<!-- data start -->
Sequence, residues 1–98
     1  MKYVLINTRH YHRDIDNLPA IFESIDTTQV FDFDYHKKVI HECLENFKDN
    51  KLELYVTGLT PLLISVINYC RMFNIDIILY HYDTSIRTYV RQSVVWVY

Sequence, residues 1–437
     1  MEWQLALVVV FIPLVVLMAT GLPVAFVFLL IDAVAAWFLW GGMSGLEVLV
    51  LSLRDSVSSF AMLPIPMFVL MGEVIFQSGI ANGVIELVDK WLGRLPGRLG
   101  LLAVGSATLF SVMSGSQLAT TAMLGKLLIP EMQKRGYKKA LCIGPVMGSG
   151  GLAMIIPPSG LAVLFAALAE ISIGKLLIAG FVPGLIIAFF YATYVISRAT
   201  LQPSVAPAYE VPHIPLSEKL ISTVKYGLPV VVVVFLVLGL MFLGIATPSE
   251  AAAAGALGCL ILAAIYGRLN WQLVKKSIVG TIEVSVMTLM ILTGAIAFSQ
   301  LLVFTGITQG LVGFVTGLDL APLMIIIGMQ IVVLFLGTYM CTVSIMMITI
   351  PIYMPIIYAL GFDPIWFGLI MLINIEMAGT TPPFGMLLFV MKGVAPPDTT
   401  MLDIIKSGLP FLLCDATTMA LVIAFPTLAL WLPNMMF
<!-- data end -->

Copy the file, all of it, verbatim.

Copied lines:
Sequence, residues 1–98
     1  MKYVLINTRH YHRDIDNLPA IFESIDTTQV FDFDYHKKVI HECLENFKDN
    51  KLELYVTGLT PLLISVINYC RMFNIDIILY HYDTSIRTYV RQSVVWVY

Sequence, residues 1–437
     1  MEWQLALVVV FIPLVVLMAT GLPVAFVFLL IDAVAAWFLW GGMSGLEVLV
    51  LSLRDSVSSF AMLPIPMFVL MGEVIFQSGI ANGVIELVDK WLGRLPGRLG
   101  LLAVGSATLF SVMSGSQLAT TAMLGKLLIP EMQKRGYKKA LCIGPVMGSG
   151  GLAMIIPPSG LAVLFAALAE ISIGKLLIAG FVPGLIIAFF YATYVISRAT
   201  LQPSVAPAYE VPHIPLSEKL ISTVKYGLPV VVVVFLVLGL MFLGIATPSE
   251  AAAAGALGCL ILAAIYGRLN WQLVKKSIVG TIEVSVMTLM ILTGAIAFSQ
   301  LLVFTGITQG LVGFVTGLDL APLMIIIGMQ IVVLFLGTYM CTVSIMMITI
   351  PIYMPIIYAL GFDPIWFGLI MLINIEMAGT TPPFGMLLFV MKGVAPPDTT
   401  MLDIIKSGLP FLLCDATTMA LVIAFPTLAL WLPNMMF